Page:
California hospitals to get extra help from the military

Posted at 11:26 AM, Dec 29, 2020
and last updated 2020-12-29 14:26:45-05

(KERO) — With another surge in coronavirus infections expected soon, California is taking new action and there could be the hope of another potential vaccine. ABC's Mona Kosar Abdi explains.

Tuesday morning the United States military is now deploying medical troops to help California's overburned hospitals buckling under the pressure of skyrocketing COVID cases. Los Angeles County, the epicenter, is taking new action and requiring all travelers to quarantine for ten days as the region reports a 600-percent increase in deaths since November.

"On average, 9 to 10 people in L.A. County test positive for COVID-19 on average every minute," explained Barbara Ferrer, L.A. County health director.

Ninety-six-percent of hospitals in L.A. County had no room for emergency patients over the weekend. Some hospitals are now putting patients in conference rooms and even gift shops because of the lack of space.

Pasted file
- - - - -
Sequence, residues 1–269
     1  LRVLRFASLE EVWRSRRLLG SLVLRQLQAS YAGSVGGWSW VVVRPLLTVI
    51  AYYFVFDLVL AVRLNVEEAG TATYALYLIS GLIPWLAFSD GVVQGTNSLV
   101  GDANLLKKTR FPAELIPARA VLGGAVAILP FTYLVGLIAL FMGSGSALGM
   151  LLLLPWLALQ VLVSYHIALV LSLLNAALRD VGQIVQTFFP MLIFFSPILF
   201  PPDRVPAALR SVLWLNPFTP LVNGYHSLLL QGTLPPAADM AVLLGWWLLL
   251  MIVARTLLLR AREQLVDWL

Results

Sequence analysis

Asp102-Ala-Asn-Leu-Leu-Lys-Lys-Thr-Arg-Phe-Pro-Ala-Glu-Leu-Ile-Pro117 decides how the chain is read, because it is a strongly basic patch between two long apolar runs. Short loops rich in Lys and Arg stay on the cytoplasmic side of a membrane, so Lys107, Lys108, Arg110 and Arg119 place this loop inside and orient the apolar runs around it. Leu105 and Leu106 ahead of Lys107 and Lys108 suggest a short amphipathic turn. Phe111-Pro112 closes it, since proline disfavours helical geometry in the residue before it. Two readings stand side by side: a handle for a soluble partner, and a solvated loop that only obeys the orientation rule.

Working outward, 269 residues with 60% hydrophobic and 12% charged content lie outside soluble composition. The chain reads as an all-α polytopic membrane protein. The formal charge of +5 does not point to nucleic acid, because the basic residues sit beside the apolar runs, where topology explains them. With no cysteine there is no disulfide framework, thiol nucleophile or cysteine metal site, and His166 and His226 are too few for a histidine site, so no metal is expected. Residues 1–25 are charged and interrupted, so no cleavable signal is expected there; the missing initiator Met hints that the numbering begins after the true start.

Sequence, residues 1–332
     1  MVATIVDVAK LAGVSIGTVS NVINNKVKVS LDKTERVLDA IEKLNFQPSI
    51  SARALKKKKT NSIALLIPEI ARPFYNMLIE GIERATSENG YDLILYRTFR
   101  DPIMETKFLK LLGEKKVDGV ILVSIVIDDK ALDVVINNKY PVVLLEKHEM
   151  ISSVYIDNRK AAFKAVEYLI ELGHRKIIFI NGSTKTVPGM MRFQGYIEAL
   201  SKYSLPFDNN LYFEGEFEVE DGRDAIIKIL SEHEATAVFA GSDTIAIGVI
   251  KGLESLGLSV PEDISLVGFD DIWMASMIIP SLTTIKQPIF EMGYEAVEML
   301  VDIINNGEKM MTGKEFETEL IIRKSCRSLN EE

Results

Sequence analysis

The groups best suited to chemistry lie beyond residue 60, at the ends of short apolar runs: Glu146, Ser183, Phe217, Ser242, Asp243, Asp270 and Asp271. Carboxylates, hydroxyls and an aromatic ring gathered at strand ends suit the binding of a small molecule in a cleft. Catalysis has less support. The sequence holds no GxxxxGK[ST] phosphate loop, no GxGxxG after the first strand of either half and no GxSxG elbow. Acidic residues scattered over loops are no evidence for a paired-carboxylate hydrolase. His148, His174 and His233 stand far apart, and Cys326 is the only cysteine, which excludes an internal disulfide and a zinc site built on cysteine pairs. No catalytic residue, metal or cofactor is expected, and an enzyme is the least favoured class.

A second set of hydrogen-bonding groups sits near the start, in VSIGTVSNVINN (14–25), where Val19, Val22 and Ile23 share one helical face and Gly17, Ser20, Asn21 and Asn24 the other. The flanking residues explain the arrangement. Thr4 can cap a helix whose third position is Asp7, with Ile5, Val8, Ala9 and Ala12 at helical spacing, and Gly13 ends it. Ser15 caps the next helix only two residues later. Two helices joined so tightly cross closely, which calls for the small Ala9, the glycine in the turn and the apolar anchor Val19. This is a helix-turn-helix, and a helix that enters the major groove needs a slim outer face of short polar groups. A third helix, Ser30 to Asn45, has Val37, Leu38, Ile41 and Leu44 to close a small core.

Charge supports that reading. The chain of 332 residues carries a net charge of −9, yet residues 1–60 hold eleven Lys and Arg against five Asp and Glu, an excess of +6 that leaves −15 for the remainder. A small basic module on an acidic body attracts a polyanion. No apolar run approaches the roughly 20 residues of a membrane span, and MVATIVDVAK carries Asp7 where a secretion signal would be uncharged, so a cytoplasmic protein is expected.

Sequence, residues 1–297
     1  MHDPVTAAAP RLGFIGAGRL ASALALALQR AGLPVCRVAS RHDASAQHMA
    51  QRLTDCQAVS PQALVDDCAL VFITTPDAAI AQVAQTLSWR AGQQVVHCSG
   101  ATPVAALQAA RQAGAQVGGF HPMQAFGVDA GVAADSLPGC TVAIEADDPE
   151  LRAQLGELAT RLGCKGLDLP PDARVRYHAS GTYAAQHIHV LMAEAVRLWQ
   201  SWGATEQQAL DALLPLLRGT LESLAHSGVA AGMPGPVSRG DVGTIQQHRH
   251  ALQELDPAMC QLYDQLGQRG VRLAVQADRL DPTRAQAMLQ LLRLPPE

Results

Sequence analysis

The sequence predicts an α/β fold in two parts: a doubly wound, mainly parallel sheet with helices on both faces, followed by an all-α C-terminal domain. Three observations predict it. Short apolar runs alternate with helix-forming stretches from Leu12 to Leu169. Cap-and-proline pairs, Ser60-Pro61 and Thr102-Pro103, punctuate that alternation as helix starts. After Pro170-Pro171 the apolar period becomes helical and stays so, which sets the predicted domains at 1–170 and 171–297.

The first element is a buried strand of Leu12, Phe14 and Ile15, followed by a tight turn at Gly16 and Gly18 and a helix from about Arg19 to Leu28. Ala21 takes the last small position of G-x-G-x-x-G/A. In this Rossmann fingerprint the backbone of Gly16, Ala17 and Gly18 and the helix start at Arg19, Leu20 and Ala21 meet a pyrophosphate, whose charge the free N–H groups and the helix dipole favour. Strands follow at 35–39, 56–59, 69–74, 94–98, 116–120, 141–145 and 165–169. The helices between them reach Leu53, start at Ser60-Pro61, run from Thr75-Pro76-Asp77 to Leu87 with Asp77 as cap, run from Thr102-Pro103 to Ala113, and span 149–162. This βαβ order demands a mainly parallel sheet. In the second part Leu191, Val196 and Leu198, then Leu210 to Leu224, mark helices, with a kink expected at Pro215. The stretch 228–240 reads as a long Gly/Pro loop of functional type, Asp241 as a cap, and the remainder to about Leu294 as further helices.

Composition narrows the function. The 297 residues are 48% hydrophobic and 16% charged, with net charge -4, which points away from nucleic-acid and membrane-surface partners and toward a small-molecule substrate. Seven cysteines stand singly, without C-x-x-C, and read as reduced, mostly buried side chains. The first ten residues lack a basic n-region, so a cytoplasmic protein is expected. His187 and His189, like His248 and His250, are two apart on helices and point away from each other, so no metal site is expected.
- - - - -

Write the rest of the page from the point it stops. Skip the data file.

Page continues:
"It's very challenging to know that patients are coming into the hospital even sicker than they normally do because we, frankly, can't take them in all the hospitals that way," said nurse Jennie Franck.

Doctors are growing more concerned as a new, possibly more contagious, mutation of the virus is confirmed in North America, reaching Canada and likely already here in the U.S.

"I'd be shocked if it weren't here already," said Dr. Todd Ellerin, ABC News medical contributor.

But the World Health Organization said so far it's found no evidence that the new mutation has caused any significant increase in hospitalizations.

In the meantime, another vaccine candidate is nearing the finish line. Nova-vax announced it's launching a phase-three trial in the U.S. It comes amid growing questions about the distribution of Pfizer's vaccine already underway.

A Walgreens in Kentucky reportedly gave doses to non-priority patients after receiving more doses than it needed for nursing home workers. Walgreens called this "an isolated situation."

"Knowing that there's a short shelf life of only a few hours after they come out of the freezers, I can understand why they would want to use it," said Dr. Laleh Gharabaghian, ABC News medical contributor.

In New York, the governor is now threatening criminal charges and $1 million in fines for vaccine fraud after a health-care provider was accused of falsely obtaining the vaccine and letting people skip the line.